Other things to keep in mind when choosing an antivirus package are:
-- In addition to scanning byte patterns on your hard disk, the antivirus program should track suspicious program behavior, such as attempts to change boot records and extraneous read/write operations. Heuristic scanning helps counter stealth and polymorphic viruses.
-- The antivirus utility should be able to clean most infected files. Avoid antivirus packages that can only delete infected files.
-- A scheduler makes it easy to automate antivirus scanning.
-- The documentation that comes with an antivirus program (either in help file or printed format) should identify virus types and describe their symptoms.
-- Because the number of viruses changes daily, make sure the program you buy is backed by one year of technical support and free virus pattern updates.
Other features to look for include: a facility for creating emergency recovery boot floppies, selective scanning of network drives and automatic updating via the Internet.
Choosing an Antivirus Program for a Network
Because your network can convey a crippling virus just as easily as it does your company's information, a solid network antivirus program is absolutely essential. All the key vendors of workstation antivirus programs, including Symantec, McAfee and Trend Micro Devices, also have versions designed for Windows NT and Novell NetWare servers.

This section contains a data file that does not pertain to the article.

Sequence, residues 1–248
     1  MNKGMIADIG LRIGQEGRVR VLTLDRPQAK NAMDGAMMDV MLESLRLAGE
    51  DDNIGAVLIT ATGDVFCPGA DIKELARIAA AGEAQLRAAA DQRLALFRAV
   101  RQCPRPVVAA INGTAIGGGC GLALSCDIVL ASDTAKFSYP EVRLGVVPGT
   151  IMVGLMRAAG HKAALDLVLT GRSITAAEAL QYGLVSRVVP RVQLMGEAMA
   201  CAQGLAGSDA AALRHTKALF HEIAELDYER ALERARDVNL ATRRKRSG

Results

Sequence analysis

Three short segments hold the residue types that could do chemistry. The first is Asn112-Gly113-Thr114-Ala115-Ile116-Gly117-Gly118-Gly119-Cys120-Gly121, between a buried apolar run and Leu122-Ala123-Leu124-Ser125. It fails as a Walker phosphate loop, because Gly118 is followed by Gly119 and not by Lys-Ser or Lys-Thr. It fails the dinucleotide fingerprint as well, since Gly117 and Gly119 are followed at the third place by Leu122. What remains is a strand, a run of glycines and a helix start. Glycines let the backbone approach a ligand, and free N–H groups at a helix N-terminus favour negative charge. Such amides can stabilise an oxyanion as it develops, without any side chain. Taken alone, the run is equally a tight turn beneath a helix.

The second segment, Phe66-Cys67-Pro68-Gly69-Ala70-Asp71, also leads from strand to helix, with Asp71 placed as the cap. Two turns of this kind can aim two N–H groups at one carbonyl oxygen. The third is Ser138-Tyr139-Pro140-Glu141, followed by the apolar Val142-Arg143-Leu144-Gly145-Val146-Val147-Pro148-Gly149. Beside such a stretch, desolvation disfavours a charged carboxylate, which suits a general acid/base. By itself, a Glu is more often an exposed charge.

Good network antivirus utilities will have some features that may not be in their workstation equivalents:
-- Network antivirus packages should monitor all shared resources on the network and issue warnings when network clients introduce infections.
-- Antivirus software for networks should offer multiple, configurable virus disposition options, allowing for immediate file disinfection, file deletion or quarantine of contaminated files to a specified directory.
-- When a serious infection occurs, a network antivirus program should notify users and initiate a server shutdown. The system administrator should be able to deal with infected files remotely.
-- The real-time sensor should scan and protect newly mounted drives and directory resources that dynamically change their assignments and drive letters.
A bonus in a server-based antivirus utility is the ability to scan and disinfect client drives.
Don't Panic-Be Prepared
Ross Greenberg, a pioneer in the antivirus software industry, often says he'd be far less successful than he is today if everyone took precautions-like backing up data-and knew what steps to take when a virus hit.
Information is a company's greatest asset. Preparation, vigilance and effective virus-fighting tools can help protect that information, avoid disaster and maybe keep you in business.
Lenny Bailes is a San Francisco-based instructor and consultant. Contact him care of the editor at the e-mail addresses here.